Fresh Market Xchange’s produce section includes a wide variety of fruits and vegetables that are certified South Carolina grown. (Photo by Grayson McClendon/Carolina News and Reporter)
A new market selling fresh produce, baked goods and coffee in the Vista aims to feel like home.
Farmers Market Xchange opened its doors Sept. 1 and is gaining traffic from local businesses and customers who also have shopped at the city’s Saturday Soda City Market. Neset Hikmet, the owner, said the family designed the corner store at 912 Lady St. to feel like a home rather than a supermarket.
The seating area at the market looks like a living room.
He said that he didn’t realize that the store has so many neighbors such as hotels and local businesses. That’s already bringing in returning customers.
“People can feel comfortable to walk in, sit down, then do more shopping and meet their friends,” Hikmet said.
As a child, Hikmet enjoyed cooking with his mom and wanted to own a retail store or restaurant. This dream is coming true, and he is appreciative of customers’ encouragement because it lowers his stress as he learns to manage a retail store.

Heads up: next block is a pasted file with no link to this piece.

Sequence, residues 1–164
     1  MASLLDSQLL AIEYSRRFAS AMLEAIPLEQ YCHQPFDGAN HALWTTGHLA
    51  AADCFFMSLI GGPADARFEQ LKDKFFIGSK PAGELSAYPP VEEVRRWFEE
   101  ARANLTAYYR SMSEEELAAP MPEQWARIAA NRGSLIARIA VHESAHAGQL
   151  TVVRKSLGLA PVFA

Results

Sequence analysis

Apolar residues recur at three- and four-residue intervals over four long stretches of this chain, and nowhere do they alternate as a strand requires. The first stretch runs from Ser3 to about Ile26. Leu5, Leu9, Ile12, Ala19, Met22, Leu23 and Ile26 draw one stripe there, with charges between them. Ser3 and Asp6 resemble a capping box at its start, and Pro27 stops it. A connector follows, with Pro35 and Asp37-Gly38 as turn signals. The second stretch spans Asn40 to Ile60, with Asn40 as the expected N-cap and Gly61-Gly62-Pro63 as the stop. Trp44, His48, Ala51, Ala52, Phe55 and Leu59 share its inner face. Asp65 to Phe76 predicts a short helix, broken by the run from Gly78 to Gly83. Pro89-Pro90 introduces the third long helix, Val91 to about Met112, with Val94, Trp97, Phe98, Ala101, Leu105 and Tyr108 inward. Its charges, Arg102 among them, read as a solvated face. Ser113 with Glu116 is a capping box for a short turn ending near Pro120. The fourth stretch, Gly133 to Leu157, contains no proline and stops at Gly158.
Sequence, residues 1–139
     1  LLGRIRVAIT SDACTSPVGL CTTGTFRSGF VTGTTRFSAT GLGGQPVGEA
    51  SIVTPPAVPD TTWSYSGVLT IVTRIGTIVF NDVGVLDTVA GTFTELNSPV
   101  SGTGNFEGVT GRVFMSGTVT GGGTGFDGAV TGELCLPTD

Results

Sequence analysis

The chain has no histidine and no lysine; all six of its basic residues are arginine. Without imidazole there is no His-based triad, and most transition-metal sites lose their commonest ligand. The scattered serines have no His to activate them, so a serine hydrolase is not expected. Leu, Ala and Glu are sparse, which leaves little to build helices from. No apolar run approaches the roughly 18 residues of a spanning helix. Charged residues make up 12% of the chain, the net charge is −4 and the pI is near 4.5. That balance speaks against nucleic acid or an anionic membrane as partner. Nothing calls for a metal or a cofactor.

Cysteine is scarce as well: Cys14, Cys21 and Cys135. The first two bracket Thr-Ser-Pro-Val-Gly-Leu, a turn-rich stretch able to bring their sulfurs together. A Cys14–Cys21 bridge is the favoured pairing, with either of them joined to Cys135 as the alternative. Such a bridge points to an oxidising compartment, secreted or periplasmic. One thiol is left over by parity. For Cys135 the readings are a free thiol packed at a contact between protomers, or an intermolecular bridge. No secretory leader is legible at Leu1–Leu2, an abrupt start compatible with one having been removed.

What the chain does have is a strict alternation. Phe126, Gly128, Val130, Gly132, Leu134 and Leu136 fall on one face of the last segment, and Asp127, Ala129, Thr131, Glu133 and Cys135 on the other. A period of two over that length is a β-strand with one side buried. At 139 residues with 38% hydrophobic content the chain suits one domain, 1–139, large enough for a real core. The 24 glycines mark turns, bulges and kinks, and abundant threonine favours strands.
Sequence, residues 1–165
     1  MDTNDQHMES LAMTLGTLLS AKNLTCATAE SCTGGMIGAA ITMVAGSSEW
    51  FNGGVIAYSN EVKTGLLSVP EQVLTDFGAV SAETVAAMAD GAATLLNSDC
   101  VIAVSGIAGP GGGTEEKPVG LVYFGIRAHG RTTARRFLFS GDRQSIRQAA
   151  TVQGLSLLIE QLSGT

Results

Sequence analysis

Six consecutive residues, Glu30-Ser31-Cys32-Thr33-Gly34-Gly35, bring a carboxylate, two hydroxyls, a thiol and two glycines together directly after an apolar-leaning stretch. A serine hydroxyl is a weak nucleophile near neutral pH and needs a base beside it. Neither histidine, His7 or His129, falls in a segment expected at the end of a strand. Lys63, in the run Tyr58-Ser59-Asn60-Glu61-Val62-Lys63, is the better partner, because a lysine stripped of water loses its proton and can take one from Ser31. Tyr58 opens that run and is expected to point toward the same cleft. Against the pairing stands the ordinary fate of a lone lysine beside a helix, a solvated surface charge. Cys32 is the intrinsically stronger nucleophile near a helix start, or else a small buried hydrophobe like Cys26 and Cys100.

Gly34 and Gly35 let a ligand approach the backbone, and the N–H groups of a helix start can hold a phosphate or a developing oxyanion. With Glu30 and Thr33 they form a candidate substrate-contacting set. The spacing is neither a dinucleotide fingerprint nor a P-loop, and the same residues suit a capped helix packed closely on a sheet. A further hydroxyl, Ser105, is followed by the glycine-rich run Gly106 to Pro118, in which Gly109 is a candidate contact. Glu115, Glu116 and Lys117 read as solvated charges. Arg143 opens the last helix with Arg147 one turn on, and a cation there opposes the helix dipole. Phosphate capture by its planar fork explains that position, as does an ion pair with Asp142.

Hikmet’s family owns Toms Creek Family Farms in Hopkins, which sold its produce at Soda City and the state’s farmers market in Lexington County. Toms Creek is about 176 acres, about the size of the Bull Street development in downtown Columbia. The family raises cows, goats, sheep, ducks and chickens. There are seven greenhouses that produce tomatoes, lettuce, cucumbers, Brussels sprouts, zucchini, squash and okra, often year-round, depending on demand.
The farm operates under the rules of permaculture, Hikmet said, meaning the produce is fresh, and nothing goes to waste. If something doesn’t sell in two days, it’s taken back to the farm the next day and used as compost or feed for the animals.
Hikmet is an engineering professor at the University of South Carolina, so he has a special appreciation for the building’s architecture. The brick structure was completed in 1914 to be B. B. Kirkland Seed and Distributing Co., then became Hinson Feed & Seed Co., selling about 300,000 chicks a year.
“It’s very structurally unique but also indicative of Southern architecture and especially Columbia business structures,” Hikmet said.